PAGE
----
Alcohol-based surface disinfectants are usually formulated with other ingredients to increase efficacy and reduce adsorption to floors (Boyce, 2018). Alcohol-based disinfectants are poor cleaners, evaporate quickly and are often flammable, making them a poor choice for general surface disinfection (Boyce, 2018). Their biocidal efficacy is known to be compromised by the presence of soils, particularly protein-based soils (Boyce, 2018) (WHO, 2009). The use of an alcohol-based disinfectant would be expected to pre-clean surfaces, which in turn would affect the amount of microorganisms remaining on the surface. It is therefore uncertain whether the results of Pidot (2018) have any practical significance for hand hygiene or surface disinfection.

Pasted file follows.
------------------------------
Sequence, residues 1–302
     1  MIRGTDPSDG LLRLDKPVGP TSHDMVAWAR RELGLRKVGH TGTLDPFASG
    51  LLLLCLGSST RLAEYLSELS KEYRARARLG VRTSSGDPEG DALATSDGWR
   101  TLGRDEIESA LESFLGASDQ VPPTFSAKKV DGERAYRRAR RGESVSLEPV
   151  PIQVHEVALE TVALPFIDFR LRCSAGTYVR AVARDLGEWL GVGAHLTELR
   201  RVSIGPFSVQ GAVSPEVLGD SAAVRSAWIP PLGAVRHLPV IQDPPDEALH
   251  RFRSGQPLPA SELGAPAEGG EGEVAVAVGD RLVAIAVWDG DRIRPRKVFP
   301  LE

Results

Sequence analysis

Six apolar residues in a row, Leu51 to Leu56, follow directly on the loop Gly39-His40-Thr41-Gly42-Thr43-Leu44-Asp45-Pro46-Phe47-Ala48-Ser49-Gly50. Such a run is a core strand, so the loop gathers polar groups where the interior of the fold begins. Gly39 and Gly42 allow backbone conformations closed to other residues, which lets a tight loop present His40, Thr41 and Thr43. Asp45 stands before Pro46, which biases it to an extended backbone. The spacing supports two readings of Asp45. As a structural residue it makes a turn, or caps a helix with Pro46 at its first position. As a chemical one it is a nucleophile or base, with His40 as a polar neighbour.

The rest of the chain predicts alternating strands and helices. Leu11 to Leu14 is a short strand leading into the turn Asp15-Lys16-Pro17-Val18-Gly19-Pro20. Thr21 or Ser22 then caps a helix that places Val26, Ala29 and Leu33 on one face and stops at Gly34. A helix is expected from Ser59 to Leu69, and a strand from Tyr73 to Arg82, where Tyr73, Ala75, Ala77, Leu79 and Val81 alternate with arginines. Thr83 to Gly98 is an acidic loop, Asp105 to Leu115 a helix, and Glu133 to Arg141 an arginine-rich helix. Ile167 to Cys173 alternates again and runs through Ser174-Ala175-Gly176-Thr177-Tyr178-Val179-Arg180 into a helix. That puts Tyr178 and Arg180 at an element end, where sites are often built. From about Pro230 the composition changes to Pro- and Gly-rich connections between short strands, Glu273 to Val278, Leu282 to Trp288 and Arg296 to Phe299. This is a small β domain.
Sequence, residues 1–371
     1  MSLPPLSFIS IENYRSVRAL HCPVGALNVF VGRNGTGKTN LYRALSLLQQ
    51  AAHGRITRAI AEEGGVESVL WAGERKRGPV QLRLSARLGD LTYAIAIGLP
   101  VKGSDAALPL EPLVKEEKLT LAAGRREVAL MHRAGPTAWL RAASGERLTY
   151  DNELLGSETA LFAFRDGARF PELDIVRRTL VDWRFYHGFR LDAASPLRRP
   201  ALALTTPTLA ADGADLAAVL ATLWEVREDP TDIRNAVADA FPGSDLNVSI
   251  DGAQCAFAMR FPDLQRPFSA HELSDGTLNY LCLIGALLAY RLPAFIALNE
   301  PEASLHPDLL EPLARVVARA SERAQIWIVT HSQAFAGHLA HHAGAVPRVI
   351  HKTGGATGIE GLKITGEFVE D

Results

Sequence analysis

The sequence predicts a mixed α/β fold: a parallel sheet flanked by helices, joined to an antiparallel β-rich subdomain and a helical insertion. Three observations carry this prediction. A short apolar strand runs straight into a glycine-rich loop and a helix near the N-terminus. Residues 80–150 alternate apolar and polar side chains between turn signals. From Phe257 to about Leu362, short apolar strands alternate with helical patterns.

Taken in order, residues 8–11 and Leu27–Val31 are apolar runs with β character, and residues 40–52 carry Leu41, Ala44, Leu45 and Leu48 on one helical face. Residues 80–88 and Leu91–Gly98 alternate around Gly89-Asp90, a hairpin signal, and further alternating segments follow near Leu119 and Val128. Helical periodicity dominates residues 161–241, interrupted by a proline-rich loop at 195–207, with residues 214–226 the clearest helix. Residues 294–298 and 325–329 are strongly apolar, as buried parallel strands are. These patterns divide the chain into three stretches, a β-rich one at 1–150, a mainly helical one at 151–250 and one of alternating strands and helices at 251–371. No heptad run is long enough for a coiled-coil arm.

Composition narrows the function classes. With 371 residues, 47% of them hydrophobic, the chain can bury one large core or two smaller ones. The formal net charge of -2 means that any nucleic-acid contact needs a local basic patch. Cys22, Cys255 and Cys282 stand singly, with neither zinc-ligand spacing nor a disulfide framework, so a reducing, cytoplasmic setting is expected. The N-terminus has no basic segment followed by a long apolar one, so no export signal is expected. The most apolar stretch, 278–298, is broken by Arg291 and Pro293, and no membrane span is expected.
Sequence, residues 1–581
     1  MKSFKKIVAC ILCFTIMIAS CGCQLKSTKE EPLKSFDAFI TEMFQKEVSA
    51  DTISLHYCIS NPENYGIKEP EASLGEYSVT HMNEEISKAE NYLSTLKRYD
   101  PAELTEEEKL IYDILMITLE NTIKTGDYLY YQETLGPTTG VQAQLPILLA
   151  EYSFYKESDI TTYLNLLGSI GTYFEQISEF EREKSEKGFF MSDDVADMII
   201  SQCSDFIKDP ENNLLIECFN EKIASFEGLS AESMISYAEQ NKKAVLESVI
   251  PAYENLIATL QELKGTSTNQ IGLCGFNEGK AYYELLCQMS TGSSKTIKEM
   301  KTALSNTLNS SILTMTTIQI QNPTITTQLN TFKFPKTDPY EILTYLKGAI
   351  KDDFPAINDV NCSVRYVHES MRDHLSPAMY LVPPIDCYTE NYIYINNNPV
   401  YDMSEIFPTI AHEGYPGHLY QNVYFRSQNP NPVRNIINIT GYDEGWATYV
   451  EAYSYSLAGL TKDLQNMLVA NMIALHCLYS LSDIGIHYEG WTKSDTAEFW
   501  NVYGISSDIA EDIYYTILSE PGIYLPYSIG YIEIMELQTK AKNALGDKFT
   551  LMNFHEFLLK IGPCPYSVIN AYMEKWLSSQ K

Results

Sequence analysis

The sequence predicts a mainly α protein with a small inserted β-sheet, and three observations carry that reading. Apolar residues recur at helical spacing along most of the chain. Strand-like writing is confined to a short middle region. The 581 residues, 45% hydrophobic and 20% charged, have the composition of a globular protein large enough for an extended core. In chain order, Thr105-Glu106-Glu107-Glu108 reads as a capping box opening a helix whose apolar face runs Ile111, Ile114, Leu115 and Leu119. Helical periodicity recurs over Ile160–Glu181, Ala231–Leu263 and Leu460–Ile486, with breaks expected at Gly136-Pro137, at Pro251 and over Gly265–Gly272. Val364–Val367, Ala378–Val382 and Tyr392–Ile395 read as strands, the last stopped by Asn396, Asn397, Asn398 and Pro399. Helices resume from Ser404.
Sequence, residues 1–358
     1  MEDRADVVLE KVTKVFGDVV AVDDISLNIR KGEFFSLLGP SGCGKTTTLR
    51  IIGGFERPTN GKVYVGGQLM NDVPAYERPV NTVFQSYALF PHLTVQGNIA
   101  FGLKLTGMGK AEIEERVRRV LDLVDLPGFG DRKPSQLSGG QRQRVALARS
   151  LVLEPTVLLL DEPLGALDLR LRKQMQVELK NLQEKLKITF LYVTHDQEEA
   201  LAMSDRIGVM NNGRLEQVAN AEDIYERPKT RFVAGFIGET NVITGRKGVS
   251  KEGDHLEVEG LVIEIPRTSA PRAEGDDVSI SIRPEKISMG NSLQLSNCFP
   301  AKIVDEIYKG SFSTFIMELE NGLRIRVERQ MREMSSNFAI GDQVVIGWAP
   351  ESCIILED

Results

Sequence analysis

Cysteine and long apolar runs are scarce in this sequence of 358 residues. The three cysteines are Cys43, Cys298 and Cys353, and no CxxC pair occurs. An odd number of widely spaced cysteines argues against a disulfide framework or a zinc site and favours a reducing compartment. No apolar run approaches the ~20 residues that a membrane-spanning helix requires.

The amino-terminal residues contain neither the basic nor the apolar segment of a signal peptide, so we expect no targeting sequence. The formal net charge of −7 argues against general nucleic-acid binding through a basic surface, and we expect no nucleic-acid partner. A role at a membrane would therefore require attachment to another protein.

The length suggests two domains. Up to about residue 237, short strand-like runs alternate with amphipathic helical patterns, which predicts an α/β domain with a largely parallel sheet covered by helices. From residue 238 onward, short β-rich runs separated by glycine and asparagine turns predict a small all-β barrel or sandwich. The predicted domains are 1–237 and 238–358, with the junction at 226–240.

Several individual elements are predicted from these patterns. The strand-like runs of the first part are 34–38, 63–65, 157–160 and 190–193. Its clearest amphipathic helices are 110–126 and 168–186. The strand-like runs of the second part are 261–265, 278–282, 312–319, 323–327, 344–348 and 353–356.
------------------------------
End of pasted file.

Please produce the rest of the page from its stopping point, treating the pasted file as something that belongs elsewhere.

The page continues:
In recent years, several published studies have shown that bacteria can develop resistance not only to antibiotics, but also to disinfectants and sanitizers. However, the publications mainly associate this with the active substance QUAT and long-term sublethal exposure, which is not used in practice. In addition, for the reasons mentioned in this article, special consideration must also be given to biofilms. In any case, there is a need for further research in these areas.